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Computational and Mathematical Methods in Medicine
Volume 2016 (2016), Article ID 4360371, 6 pages
Research Article

Phantom Validation of Tc-99m Absolute Quantification in a SPECT/CT Commercial Device

1Institute of Radiation Physics, Lausanne University Hospital, Lausanne, Switzerland
2Department of Nuclear Medicine and Molecular Imaging, Lausanne University Hospital, Lausanne, Switzerland

Received 30 August 2016; Revised 7 November 2016; Accepted 21 November 2016

Academic Editor: Hiro Yoshida

Copyright © 2016 Silvano Gnesin et al. This is an open access article distributed under the Creative Commons Attribution License, which permits unrestricted use, distribution, and reproduction in any medium, provided the original work is properly cited.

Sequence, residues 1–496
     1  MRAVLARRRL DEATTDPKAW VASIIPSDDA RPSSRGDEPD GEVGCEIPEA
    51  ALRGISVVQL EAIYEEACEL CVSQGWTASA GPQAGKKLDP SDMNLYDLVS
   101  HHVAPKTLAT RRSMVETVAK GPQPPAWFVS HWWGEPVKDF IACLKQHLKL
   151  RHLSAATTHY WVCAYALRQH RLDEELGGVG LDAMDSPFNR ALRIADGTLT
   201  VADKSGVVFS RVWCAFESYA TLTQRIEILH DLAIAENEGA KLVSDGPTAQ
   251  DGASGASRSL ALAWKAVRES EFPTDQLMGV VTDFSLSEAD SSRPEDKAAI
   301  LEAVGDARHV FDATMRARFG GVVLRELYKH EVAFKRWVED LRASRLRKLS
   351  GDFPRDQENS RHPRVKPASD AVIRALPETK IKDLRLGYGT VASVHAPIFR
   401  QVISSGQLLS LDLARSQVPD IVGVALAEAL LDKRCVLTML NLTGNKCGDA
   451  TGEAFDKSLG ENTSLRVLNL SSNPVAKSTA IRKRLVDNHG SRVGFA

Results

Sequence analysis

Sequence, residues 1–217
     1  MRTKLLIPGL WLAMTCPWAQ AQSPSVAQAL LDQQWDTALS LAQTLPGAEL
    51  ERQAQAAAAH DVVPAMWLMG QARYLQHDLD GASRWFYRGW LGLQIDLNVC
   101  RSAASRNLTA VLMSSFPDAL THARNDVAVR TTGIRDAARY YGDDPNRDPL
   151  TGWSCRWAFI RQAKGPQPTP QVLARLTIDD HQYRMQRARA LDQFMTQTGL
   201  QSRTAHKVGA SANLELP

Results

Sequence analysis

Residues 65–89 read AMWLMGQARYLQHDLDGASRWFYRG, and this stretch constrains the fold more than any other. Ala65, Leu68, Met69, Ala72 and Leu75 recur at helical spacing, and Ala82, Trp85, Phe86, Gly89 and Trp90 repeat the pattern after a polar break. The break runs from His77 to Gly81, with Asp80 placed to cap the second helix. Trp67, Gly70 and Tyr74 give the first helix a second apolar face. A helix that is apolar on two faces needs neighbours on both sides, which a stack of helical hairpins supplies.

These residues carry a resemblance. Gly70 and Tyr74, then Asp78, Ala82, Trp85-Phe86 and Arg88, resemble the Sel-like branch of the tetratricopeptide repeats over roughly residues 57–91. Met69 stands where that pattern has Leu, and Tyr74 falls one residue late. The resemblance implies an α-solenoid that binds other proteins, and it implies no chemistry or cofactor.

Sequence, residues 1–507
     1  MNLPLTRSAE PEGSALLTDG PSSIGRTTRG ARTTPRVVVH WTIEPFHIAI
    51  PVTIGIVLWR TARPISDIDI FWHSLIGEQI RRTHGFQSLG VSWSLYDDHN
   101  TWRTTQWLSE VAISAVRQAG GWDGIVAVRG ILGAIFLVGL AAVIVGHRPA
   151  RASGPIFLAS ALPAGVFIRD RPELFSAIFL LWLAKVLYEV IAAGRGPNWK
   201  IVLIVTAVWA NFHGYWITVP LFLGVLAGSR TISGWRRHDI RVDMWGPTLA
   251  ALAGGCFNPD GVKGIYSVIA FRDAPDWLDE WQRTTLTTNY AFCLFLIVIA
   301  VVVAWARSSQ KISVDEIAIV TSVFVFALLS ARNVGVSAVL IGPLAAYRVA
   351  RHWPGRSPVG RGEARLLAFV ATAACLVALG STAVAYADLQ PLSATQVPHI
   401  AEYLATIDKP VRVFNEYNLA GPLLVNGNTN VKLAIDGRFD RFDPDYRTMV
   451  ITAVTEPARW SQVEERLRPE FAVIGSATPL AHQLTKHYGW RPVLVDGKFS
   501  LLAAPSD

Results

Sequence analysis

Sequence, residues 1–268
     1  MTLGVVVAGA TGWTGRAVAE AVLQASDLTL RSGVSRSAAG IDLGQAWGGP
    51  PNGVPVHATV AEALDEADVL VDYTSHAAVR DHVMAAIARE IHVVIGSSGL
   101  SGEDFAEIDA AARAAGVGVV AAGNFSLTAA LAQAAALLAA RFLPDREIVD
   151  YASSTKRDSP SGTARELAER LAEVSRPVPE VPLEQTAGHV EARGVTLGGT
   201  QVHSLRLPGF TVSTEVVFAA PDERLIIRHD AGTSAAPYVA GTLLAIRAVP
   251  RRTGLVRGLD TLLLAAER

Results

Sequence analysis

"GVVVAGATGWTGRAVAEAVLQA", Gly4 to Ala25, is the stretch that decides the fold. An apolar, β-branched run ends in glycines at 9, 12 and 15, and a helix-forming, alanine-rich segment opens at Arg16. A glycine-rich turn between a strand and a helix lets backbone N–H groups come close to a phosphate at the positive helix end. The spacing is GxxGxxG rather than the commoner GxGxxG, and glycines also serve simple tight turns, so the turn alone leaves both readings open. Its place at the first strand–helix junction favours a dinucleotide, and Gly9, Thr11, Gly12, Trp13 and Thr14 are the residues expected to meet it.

Aim. Similar to PET, absolute quantitative imaging is becoming available in commercial SPECT/CT devices. This study’s goal was to assess quantitative accuracy of activity recovery as a function of image reconstruction parameters and count statistics in a variety of phantoms. Materials and Methods. We performed quantitative -SPECT/CT acquisitions (Siemens Symbia Intevo, Erlangen, Germany) of a uniform cylindrical, NEMA/IEC, and an anthropomorphic abdominal phantom. Background activity concentrations tested ranged: 2–80 kBq/mL. SPECT acquisitions used 120 projections (20 s/projection). Reconstructions were performed with the proprietary iterative conjugate gradient algorithm. NEMA phantom reconstructions were obtained as a function of the iteration number (range: 4–48). Recovery coefficients, hot contrast, relative lung error (NEMA phantom), and image noise were assessed. Results. In all cases, absolute activity and activity concentration were measured within 10% of the expected value. Recovery coefficients and hot contrast in hot inserts did not vary appreciably with count statistics. RC converged at 16 iterations for insert size > 22 mm. Relative lung errors were comparable to PET levels indicating the efficient integration of attenuation and scatter corrections with adequate detector modeling. Conclusions. The tested device provided accurate activity recovery within 10% of correct values; these performances are comparable to current generation PET/CT systems.